their individuality”). I must define rules for
discovery and settlement conferences and strictly adhere to
those rules, with the purpose of ensuring that pretrial
litigation flows as smoothly and efficiently as possible.
See Id. at 1232 (“[T]he district judge must
establish schedules with firm cutoff dates if the coordinated
cases are to move in a diligent fashion toward resolution by
motion, settlement, or trial.”); see also Fed.
R. Civ. P. 1 (stating that the Federal Rules of Civil
Procedure “should be construed, administered, and
employed by the court and the parties to secure the just,
speedy, and inexpensive determination of every action and
proceeding”). In turn, counsel must collaborate with
the court “in fashioning workable programmatic
procedures” and cooperate with these procedures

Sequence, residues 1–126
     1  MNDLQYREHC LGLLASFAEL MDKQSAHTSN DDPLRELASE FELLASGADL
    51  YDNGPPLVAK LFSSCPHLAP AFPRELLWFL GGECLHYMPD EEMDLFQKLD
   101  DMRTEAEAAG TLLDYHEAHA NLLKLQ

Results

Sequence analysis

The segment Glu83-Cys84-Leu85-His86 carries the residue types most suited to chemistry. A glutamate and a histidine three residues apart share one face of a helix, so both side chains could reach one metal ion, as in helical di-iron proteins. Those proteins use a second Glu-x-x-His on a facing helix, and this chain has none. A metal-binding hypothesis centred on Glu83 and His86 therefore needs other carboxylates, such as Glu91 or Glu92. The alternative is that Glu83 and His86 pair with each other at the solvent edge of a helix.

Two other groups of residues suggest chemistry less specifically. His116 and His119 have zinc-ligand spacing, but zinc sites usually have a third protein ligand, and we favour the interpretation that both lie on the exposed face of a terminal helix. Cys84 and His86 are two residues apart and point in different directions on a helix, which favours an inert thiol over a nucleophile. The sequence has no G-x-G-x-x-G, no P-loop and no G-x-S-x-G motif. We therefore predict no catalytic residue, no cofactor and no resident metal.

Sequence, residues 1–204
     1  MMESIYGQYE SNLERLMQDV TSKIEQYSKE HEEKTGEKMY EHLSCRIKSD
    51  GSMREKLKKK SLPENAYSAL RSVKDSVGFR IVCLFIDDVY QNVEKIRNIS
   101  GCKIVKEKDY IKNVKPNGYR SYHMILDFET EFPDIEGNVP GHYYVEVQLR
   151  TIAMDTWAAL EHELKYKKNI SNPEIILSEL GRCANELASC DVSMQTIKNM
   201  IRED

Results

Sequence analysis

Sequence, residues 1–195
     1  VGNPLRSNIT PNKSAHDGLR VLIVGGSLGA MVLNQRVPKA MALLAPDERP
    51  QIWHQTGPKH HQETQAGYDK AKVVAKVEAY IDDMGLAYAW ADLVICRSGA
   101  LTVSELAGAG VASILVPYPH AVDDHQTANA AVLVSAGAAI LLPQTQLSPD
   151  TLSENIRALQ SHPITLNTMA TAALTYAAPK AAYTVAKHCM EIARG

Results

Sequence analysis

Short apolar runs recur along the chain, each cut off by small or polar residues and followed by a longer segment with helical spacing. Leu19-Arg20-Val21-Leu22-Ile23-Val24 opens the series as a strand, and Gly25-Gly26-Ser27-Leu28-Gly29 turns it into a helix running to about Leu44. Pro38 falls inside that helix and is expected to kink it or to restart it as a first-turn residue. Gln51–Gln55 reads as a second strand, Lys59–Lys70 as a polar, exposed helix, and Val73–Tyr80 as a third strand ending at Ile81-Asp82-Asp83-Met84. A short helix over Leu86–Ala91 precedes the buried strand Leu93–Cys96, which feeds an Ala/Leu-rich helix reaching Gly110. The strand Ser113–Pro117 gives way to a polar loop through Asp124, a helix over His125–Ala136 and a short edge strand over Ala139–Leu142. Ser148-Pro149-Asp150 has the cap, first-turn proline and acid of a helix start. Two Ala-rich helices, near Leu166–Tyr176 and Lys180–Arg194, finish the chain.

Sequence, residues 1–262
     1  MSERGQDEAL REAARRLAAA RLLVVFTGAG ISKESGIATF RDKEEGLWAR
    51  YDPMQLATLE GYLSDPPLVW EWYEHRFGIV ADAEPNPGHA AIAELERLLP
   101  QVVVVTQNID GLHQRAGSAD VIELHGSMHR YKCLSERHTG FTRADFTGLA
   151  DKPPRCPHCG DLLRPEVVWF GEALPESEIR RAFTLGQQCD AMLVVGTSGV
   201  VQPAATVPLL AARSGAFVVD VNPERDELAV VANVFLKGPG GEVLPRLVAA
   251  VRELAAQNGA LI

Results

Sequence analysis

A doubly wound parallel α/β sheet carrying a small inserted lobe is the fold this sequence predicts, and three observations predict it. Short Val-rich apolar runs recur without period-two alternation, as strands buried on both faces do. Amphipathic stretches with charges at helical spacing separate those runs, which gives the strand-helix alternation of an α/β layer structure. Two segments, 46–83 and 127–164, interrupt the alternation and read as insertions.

thereafter. In re Phenylpropanolamine, 460 F.3d at
1231-32. Pretrial orders-and the parties' compliance with
those orders and their deadlines-“are the engine that
drives disposition on the merits.” Id. at
1232. A “willingness to resort to sanctions” in
the event of noncompliance can ensure that the engine remains
in tune, resulting in better administration of the vehicle of
multidistrict litigation. Id.; see also Freeman
v. Wyeth, 764 F.3d 806, 810 (8th Cir. 2014) (“The
MDL judge must be given ‘greater discretion' to
create and enforce deadlines in order to administrate the
litigation effectively. This necessarily includes the power
to dismiss cases where litigants do not follow the